Vygotsky saw child development as consisting of passing through a series of periods of stable development, namely, infancy, early childhood, pre-school age, school age and puberty. These periods of stable development are punctuated by periods of crisis: at birth and at the ages of 1, 3, 7, 13 and 17.
Vygotsky names these stages in terms that evidently made sense in the USSR of his day, but the periodisation essentially depended on the occurrence of specific structural transformations in the child’s relation to their social environment and correspondingly in their mental life. He claimed that under different social conditions these transformations will still take place, but will happen “differently,” and up to a point, at different ages. For example, referring to the crisis at age 7, he says:
“Facts show that in other conditions of rearing, the crisis occurs differently. In children who go from nursery school to kindergarten, the crisis occurs differently than it does in children who go into kindergarten from the family. However, this crisis occurs in all normally proceeding child development. ...” (p. 295)
What is important in every case however, is the concept Vygotsky proposes for each of the structures and transformations. That child development takes place very differently in different historical circumstances, is not just a matter of empirical fact, but rather points to the need for concepts which allow us to understand the route by which cultural factors, which can be empirically determined, participate in the development of the child, thereby allowing us to understand the mechanism whereby the culture and institutions of a society are reproduced from generation to generation. The fundamental character of the structures with which Vygotsky is concerned forces us to consider that the same series of transformations may be experienced by children developing in any society, though in every case, they will be experienced differently, and the outcome will be different.
There are several unique concepts which Vygotsky introduces, understanding of which is the main thing we have to look at today. I will now give you a quick sketch of these, and then perhaps we can clarify these concepts in discussion.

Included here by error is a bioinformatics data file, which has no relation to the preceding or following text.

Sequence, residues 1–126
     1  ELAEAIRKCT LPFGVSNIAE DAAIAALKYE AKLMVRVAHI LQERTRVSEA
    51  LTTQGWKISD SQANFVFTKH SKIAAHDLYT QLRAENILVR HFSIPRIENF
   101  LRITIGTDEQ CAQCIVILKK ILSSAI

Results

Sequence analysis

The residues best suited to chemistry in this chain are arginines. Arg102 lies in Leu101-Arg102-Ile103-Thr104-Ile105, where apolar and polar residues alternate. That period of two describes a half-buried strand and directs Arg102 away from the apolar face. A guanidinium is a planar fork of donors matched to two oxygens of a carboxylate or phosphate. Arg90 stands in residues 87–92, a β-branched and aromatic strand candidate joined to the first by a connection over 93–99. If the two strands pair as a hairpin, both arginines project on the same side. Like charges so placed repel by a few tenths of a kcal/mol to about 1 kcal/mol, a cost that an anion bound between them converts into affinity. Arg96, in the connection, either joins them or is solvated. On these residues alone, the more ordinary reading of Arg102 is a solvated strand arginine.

The first and most important concept is the Social Situation of Development.
“... at the beginning of each age period, there develops a completely original, exclusive, single, and unique relation, specific to the given age, between the child and reality, mainly the social reality, that surrounds him. We call this relation the social situation of development at the given age. The social situation of development represents the initial moment for all dynamic changes that occur in development during the given period. It determines wholly and completely the forms and the path along which the child will acquire ever newer personality characteristics, drawing them from the social reality as from the basic source of development, the path along which the social becomes the individual” (p. 198).
Vygotsky conceives of the social environment in which the child finds itself and the relationship of the child to other people, not just as a collection of factors, as influence or resource or context or community, but concretely as a predicament.
The child begins life utterly helpless; even the cortex of the brain does not yet function sufficiently well to perceive the figure of objects or people, or even distinguish the child’s own body from its background; the child is unable to contribute to meeting or even determining any of its own needs. At the end of the process, if each of the periods of stable development and crises have been successfully negotiated, the child has become a fully mature member of the wider society, able to determine and meet their own needs in a manner consonant with their social position, aware of other possible social positions, taking moral responsibility for their actions, and participating in the reproduction of the culture and institutions of the society.